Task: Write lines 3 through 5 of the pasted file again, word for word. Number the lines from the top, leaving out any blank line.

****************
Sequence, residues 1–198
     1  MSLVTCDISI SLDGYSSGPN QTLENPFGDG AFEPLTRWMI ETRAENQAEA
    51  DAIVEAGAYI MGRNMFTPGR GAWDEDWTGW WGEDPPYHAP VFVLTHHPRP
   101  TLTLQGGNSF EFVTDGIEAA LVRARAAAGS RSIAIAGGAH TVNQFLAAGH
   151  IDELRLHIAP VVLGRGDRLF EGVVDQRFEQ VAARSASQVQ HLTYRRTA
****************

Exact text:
    51  DAIVEAGAYI MGRNMFTPGR GAWDEDWTGW WGEDPPYHAP VFVLTHHPRP
   101  TLTLQGGNSF EFVTDGIEAA LVRARAAAGS RSIAIAGGAH TVNQFLAAGH
   151  IDELRLHIAP VVLGRGDRLF EGVVDQRFEQ VAARSASQVQ HLTYRRTA